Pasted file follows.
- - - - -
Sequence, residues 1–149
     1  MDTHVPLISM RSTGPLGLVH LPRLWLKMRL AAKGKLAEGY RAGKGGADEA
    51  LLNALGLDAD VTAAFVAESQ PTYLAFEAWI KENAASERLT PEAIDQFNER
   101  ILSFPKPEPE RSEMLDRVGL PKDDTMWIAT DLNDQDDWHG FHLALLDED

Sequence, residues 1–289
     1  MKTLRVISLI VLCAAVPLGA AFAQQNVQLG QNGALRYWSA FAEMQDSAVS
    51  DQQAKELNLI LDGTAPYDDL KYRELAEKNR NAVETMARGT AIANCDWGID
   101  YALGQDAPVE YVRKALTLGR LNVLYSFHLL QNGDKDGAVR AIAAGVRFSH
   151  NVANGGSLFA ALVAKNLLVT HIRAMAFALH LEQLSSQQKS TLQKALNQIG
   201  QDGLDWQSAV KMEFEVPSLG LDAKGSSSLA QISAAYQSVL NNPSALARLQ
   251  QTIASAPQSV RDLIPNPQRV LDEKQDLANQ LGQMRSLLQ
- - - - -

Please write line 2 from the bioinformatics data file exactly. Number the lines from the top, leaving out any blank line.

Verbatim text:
     1  MDTHVPLISM RSTGPLGLVH LPRLWLKMRL AAKGKLAEGY RAGKGGADEA